Isn’t it the least we can do? And by “we,” I mean racists.
Albert Einstein. George Takei. Jerry Garcia.
All of those men and many others have had an asteroid named after them. And if William Lowell Putnam III, trustee of Lowell Observatory, has his way, another name will be added to that list: Trayvon Martin…
It was an unusually warm night at Anderson Mesa south of Flagstaff on Oct. 2, 2000, when Lowell Observatory astronomers found the asteroid 2000 TM61. It was just one of hundreds that observatory’s researchers discovered as part of their search for Near Earth Asteroids.
The minor planet was placed into a catalog and forgotten until shortly after Martin, 17, was fatally shot in Sanford, Fla. The unarmed teen’s death sparked nationwide protests and renewed the race debate in America…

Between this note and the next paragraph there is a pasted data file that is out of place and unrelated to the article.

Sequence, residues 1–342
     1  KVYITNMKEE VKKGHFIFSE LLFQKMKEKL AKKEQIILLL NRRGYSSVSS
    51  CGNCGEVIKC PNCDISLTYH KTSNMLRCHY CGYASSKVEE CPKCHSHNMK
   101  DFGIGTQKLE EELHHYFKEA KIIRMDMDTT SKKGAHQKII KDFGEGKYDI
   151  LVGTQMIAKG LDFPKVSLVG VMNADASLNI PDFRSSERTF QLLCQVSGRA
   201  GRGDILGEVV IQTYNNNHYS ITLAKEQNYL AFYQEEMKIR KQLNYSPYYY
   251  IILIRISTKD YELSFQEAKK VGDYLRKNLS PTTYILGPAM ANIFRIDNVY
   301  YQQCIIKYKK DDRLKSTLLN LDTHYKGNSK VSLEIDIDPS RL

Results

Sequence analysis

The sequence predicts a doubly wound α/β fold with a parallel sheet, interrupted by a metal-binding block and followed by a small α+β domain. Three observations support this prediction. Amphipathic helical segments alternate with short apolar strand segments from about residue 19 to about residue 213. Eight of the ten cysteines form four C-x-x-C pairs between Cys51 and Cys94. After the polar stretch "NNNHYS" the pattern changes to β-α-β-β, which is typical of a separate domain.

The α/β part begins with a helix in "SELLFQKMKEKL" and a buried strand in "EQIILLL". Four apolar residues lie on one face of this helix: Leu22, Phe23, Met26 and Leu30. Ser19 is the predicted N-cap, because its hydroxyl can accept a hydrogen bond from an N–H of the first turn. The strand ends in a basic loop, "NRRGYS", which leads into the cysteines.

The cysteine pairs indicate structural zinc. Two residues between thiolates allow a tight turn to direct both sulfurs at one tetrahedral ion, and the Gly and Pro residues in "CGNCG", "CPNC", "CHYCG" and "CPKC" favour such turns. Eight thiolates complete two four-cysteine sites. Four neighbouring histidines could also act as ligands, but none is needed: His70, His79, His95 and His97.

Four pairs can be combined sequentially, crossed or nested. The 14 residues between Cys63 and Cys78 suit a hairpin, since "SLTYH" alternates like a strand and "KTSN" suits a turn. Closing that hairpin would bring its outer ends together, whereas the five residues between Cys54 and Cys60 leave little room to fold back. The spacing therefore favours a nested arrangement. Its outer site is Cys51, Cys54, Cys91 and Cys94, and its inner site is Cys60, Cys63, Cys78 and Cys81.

“As I see it, the social fairness showed to Trayvon Martin was very sadly lacking,” he said. “Inasmuch as I am the sole trustee of an institution which has some naming privileges, I want to do my share to see that this lad is remembered in an appropriate manner.”
Not being allowed to beat a man’s head into the pavement until he dies is socially unfair. And there’s no better way to honor the memory of the
violent attacker innocent victim than by gracing a celestial body with his name.
Something called the Minor Planet Center, which apparently decides these things, has rejected Putnam’s proposal. This is because the Minor Planet Center is filled with racists.
Once these bigots are forced to acquiesce — and one way or another, they will be — we’d better hope Trayvon the Asteroid never heads toward Earth. Because we won’t be able to defend ourselves from it or we’ll all be creepy-ass crackas.
Or maybe you want another “renewal of the race debate”? No? Then shut up and do as you’re told, racists.